How to Stretch and Fold Sourdough

Learn how to stretch and fold sourdough for gluten development and dough strength. It’s one of the most important steps in the bread making process. In this post, you will learn different methods to achieve a well developed dough. Developing gluten and building dough strength gives the dough elasticity and structure, allowing it to stretch and rise during fermentation. A strong gluten network is essential for holding the gases and air bubbles produced during fermentation. This makes the dough rise properly during baking and gives the bread a light and airy crumb. A well-developed dough also promotes good oven spring and contributes to the final shape and texture of the bread. 

The Stretch & Fold Method

The stretch & fold technique is one of the most common methods to develop dough strength without kneading. This technique involves picking up one corner of the dough, stretching it, and then folding it back over itself. This creates layers that will hold the gases produced during fermentation. It is usually done after mixing the ingredients and is an easy way to transform a shaggy dough into a smooth and elastic dough. The stretching and folding should be done multiple times during the bulk fermentation and can be spaced apart 15 minutes to 1 hour. At first, the dough will fell very weak and slack, but with time and repeated stretching and folding, it will start to tighten up and become stronger and more elastic. As a general rule, it is common to perform 3-6 rounds of stretching and folding, depending on the recipe and dough texture. For example, a very wet and slack dough might need more rounds than a stiffer dough that’s already pretty strong. 

  • Mix the ingredients and let the dough rest for 30 minutes to 1 hour. This allows the flour to fully absorb the water, jumpstarts the gluten development, and makes the dough easier to work with.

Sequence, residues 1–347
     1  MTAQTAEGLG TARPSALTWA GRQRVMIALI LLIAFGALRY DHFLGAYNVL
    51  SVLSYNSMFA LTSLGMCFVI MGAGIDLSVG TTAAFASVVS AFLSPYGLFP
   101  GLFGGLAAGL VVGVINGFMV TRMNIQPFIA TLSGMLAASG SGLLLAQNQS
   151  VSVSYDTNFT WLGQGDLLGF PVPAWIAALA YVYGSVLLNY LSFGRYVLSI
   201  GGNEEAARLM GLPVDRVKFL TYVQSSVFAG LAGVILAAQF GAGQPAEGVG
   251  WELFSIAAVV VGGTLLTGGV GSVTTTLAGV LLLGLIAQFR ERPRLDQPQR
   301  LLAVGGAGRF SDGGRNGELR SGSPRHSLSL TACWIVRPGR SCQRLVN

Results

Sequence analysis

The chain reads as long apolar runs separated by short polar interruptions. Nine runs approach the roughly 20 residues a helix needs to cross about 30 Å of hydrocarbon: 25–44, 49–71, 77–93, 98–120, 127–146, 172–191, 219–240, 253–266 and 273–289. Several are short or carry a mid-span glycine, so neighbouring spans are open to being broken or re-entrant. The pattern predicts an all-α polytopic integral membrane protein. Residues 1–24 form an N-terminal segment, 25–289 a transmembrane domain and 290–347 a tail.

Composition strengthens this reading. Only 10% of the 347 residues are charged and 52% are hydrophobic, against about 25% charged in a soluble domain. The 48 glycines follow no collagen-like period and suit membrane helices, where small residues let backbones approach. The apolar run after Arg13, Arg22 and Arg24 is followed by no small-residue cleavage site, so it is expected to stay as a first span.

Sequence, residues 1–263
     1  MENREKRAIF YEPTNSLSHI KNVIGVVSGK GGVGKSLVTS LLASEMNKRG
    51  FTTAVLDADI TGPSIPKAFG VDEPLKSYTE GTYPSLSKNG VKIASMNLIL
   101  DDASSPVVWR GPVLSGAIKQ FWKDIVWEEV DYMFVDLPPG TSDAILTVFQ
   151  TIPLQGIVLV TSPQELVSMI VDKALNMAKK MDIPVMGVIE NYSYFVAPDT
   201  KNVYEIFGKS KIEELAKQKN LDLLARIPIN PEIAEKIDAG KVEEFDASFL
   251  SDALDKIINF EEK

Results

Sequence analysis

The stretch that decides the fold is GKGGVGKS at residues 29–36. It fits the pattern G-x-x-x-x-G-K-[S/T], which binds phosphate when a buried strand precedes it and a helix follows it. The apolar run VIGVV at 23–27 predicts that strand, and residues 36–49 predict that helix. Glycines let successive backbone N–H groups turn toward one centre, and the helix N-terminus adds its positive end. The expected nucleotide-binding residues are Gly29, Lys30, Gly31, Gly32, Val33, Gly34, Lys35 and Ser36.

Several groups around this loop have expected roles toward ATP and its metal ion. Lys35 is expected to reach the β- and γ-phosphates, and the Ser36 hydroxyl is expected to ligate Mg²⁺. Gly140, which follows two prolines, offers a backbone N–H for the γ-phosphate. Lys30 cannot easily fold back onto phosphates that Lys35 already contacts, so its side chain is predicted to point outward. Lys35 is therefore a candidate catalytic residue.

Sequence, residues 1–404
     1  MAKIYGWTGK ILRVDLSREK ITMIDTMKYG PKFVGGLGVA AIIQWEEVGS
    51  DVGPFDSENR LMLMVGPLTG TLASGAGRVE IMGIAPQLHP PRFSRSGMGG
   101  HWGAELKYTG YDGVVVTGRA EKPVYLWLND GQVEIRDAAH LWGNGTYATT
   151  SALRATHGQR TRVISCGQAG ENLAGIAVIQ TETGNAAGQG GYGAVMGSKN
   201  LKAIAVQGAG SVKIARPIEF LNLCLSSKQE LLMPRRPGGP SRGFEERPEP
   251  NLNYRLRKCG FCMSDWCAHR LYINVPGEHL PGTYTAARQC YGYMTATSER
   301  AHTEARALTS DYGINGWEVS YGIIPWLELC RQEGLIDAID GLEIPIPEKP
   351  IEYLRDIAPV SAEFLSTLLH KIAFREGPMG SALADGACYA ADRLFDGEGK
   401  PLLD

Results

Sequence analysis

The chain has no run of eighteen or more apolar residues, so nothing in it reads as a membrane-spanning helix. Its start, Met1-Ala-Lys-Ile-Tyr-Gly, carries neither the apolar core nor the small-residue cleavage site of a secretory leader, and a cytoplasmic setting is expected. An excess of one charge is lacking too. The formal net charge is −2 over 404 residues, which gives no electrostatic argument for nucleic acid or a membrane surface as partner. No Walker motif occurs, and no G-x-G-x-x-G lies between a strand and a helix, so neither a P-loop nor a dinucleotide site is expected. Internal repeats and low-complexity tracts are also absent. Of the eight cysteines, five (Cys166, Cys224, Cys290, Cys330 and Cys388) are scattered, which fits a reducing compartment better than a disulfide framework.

• Wet your hands to prevent sticking and grab a corner of the dough. Lift it up and stretch it out until you feel some resistance (but don’t tear it), then fold it back over itself.  
  • Rotate the dough 90 degrees and repeat the process. You can do this until you feel the dough becoming smoother and more elastic.
  • Cover the bowl and let the dough rest for 15 minutes to 1 hour. Then perform the next round. With each round, the dough will become stronger and more elastic. 
Stretch & Fold Method

The Slap & Fold Method

The slap & fold technique is an effective way to quickly develop gluten and strengthen the dough. It is particularly useful when working with wet doughs. It involves repeatedly slapping the dough onto the work surface and then folding it back over itself. This creates surface tension and promotes strong gluten development. 

  • After mixing the ingredients, let the dough rest for about 30 minutes. This allows the flour to absorb the water and makes the dough easier to work with. 
  • Lightly spray your work surface with water to prevent sticking. Dump the dough out onto the work surface. 
  • Wet your hands and pick up the dough in the middle. Then, slap it onto the work surface and fold it over itself.